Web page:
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Disabled Protesters Arrested After Blocking Bus Station

September 28, 1989

ATLANTA (AP) _ Police arrested 25 disabled protesters outside a bus station late Wednesday after about 200 demonstrators blocked entrances, forcing buses to unload passengers on a busy downtown streets.

Police loaded the protesters in wheelchairs into buses equipped with wheelchair lifts - devices the demonstrators were demanding be provided on Greyhound-Trailways buses. Those arrested were charged with disorderly conduct or criminal trespassing and released.

Wednesday’s demonstration marked the third day of protests in Atlanta by American Disabled for Accessible Public Transportation. Members of the group occupied a federal building Monday and Tuesday in an unsuccessful bid to force the federal government to order wheelchair lifts installed on public buses.

That protest ended Tuesday when Bush administration officials promised to urge Transportation Secretary Samuel Skinner to meet with the protesters.

On Wednesday, police began arresting demonstrators after more than 18 buses were forced to park on side streets to unload passengers because protesters were blocking the bus terminal.

First taken into custody were protesters sitting on buses, parked in front of them or sitting inside luggage compartments.

Barricades were placed on either side of the station to block off passers- by as protesters locked their wheelchairs together and chanted, ″Access is a civil right.″

Protest leader Michael Auberger said the group was demonstrating against a Greyhound-Trailways policy requiring passengers in wheelchairs to bring someone with them to carry them on and off Greyhound buses.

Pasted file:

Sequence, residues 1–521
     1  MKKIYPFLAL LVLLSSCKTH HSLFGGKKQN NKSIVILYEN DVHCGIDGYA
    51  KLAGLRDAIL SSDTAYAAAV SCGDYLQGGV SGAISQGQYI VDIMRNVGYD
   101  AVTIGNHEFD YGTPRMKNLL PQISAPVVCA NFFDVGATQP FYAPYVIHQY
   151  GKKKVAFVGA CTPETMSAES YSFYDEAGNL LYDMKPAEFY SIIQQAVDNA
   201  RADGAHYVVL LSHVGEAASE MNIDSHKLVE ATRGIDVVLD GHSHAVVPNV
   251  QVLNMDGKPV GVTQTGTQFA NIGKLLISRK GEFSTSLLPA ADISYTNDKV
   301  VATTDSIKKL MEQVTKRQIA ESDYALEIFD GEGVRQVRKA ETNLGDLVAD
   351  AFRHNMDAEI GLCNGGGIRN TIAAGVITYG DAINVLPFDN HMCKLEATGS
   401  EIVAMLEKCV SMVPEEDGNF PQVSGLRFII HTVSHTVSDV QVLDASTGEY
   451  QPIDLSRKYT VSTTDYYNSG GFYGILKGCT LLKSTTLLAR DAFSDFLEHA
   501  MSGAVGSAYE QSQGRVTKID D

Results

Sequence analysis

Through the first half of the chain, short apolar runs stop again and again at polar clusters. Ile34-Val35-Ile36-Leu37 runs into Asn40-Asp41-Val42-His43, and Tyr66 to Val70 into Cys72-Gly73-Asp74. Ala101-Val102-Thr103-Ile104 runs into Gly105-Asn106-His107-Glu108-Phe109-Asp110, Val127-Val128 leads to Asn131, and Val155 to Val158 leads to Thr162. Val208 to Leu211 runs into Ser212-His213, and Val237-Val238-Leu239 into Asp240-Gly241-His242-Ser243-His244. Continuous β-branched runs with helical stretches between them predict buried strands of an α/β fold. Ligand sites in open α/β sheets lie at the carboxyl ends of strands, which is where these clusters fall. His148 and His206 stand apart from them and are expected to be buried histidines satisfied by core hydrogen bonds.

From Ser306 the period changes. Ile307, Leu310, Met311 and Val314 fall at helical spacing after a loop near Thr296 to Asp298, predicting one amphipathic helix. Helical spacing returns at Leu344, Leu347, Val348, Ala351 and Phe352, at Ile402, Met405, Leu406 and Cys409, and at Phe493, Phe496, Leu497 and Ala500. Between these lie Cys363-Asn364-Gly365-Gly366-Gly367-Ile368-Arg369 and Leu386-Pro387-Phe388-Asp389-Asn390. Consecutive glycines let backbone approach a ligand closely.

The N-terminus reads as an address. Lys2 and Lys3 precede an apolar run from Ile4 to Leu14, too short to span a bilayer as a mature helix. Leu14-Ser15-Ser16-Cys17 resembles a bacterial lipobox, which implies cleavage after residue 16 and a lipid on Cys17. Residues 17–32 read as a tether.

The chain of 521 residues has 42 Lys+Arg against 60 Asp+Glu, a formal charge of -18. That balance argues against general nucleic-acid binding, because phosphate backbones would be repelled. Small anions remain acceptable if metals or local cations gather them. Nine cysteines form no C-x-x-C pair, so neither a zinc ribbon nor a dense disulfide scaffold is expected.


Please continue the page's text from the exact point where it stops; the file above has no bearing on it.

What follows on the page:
Tom Street, regional manager of Greyhound-Trailways, had asked police to arrest the protesters - one of whom chained himself by the neck to the steering wheel of the Nashville, Tenn.,-bound bus.

″This is to symbolize how the private industry tries to discriminate against us,″ said Clayton Jones, 41, of Houston. ″They feel if they give you a place to live you should live inside the four walls and not have any other life.″

Auberger said the group targeted the bus line for Wednesday’s demonstration because Greyhound-Trailways has refused to add wheelchair lifts to its buses because of the costs.

″We’re making improvements to handle the handicapped. We can’t handle it in tis manner,″ said Street, refusing further comment.

Greyhound’s ″helping hands″ policy requires a passenger in a wheelchair to be carried on and off the buses but allows a companion to travel with the disabled passenger free of charge. The policy also prohibits battery-powered wheelchairs inside the bus.

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